Chicago Cubs president Theo Epstein leaving without regrets or drama

Theo Epstein came into Wrigley Field with the smile of an executive with a chance to do something special in 2011 and he’ll leave Friday with the smile of an executive who has done it.

Cubs president Theo Epstein is leaving the team on Friday, and there is a lot of chatter about what nefariousness occurred to cause this change at the top of the franchise’s front office.

The answer appears to be that Epstein is leaving because the time has come.  It’s simple as that.

Sometimes the most least complicated answer is accurate, despite our desire for a juicy soap opera narrative.  It would be great if Theo burst into the office of owner Tom Ricketts and demanded enough cash to sign all of the guys scheduled to hit free agency at the end of the 2021 season (Kris Bryant, Javier Baez, and Kyle Schwarber).  Ricketts tells him to “Get the hell out of here! And make an appointment next time you want a second of my time!”

That would have been juicy, especially if Epstein then leaned across Ricketts desk, gave him a slap across the top of the head, and said, “Listen, Ugarte, you raise your voice to me again, I’ll squeeze you like the rich pimple you are!”  [Ugarte was the name of Pette Lorre’s character in Casablanca, the all-time great film written by Theo’s grandfather and great uncle.]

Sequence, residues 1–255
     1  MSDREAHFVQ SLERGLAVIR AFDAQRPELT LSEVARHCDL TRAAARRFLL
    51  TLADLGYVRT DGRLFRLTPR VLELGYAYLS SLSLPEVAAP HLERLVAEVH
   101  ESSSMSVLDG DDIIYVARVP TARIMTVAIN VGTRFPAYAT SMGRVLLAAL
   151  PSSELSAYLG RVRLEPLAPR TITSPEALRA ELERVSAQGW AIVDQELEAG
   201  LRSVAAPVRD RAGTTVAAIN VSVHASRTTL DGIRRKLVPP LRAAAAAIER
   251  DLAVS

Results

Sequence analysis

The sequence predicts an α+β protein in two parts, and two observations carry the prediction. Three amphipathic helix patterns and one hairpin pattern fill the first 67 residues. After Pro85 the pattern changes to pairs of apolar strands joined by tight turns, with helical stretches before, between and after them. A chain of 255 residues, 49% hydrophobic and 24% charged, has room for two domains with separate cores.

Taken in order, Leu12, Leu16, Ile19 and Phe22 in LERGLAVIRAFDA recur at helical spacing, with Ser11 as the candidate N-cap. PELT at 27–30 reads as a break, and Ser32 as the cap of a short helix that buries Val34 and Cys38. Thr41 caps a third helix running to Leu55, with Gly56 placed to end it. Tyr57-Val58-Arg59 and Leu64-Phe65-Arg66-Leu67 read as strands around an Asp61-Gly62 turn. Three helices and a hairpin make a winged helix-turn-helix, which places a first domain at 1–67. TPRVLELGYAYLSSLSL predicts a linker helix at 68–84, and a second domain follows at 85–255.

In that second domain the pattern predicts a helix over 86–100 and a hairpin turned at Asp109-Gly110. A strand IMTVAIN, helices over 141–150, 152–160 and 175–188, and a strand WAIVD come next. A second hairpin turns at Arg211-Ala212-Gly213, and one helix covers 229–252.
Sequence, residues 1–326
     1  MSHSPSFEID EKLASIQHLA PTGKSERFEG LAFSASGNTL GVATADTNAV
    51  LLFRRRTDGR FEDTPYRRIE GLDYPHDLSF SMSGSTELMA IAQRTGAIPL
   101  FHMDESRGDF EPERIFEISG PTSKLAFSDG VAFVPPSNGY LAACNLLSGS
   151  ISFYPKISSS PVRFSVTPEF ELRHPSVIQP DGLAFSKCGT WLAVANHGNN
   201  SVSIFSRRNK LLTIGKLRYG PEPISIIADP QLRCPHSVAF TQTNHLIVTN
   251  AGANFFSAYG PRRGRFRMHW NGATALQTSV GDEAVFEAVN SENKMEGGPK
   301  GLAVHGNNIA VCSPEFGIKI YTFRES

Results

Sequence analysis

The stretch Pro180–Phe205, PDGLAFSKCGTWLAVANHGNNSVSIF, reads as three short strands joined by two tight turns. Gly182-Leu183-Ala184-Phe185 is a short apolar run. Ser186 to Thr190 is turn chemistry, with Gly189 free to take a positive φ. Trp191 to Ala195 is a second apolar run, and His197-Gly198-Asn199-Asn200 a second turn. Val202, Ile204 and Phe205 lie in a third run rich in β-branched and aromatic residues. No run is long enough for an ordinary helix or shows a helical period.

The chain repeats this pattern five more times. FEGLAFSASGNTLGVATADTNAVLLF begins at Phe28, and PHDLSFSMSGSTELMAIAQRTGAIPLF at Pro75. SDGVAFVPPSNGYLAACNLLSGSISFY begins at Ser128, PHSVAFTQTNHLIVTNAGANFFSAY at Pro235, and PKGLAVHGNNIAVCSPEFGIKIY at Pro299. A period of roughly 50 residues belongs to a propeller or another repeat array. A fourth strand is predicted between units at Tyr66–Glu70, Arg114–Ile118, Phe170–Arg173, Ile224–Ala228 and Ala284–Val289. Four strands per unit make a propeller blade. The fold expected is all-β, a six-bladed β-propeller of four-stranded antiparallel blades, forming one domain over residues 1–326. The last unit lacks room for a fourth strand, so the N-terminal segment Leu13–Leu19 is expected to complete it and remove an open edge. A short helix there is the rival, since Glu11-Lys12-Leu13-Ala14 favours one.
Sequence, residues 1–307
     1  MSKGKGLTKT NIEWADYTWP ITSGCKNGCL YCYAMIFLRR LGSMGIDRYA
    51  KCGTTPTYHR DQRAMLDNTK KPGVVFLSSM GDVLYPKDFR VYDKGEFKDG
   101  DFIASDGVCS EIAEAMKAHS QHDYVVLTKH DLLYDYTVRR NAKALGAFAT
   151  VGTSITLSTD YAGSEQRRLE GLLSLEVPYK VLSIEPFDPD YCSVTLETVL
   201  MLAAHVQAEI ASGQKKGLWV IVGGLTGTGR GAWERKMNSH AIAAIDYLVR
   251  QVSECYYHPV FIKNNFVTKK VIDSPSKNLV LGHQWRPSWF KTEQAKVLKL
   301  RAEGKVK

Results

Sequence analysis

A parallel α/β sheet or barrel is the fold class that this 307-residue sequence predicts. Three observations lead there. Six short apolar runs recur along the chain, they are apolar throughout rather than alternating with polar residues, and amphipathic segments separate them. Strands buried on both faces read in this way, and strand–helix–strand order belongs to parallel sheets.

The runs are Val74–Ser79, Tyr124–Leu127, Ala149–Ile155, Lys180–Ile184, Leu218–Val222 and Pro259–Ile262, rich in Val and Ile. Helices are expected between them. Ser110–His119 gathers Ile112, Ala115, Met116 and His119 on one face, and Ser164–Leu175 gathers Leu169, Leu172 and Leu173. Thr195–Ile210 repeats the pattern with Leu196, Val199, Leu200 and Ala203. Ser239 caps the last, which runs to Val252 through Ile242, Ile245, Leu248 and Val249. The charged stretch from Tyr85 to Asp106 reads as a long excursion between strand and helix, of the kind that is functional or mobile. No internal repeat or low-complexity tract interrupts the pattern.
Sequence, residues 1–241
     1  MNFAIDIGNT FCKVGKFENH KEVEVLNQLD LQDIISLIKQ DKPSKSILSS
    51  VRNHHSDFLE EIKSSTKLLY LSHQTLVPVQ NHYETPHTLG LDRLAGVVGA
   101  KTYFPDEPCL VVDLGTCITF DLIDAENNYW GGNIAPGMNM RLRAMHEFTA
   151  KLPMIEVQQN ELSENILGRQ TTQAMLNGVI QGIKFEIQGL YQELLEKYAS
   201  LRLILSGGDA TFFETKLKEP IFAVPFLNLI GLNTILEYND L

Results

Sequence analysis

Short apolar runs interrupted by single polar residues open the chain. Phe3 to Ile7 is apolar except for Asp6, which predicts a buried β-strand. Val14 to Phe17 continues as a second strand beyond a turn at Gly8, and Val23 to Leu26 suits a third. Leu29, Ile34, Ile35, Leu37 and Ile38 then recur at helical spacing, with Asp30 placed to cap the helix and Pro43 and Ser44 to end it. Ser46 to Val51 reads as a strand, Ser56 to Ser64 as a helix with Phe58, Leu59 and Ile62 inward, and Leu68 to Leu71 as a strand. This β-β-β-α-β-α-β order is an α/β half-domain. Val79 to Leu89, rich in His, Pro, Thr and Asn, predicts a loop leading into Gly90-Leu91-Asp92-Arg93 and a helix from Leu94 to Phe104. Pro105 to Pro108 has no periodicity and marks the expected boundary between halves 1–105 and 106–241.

Of course, none of that happened.  Epstein came to accept that once a leader sets in place a succession plan, the succession occurs.  That plan involved Jed Hoyer, Epstein’s lieutenant, taking the reins a year from now, when Epstein’s contract was to die a natural death.  It slid up to this Friday because in baseball, you are either all in or all out.  Halfway doesn’t cut it.

So Epstein leaves the Cubs without drama, and Hoyer needs to make some big decisions in a hurry.  Will he talk Ricketts into one more ride with Bryant, Baez, and Schwarber, or will he try to deal the Cubs into another group of potential generational talents capable of contending for another world championship?

Maybe Epstein didn’t want to separate the nucleus that brought the Northside of Chicago it’s first ever World Series crown (remember, the Cubs played at the West Side Grounds until 1916, when they moved into what is now Wrigley Field.

Whatever comes next for Epstein, his legacy as one of the greatest sports executives in Chicago Sports history is secure.  Other than George Halas, there is no one close in terms of impact upon his team or the city.

Hoyer has big shoes to fill in how he performs while president.  Hopefully, he can approach the bar set for operational excellence, and then easily clears it for drama in how he leaves.


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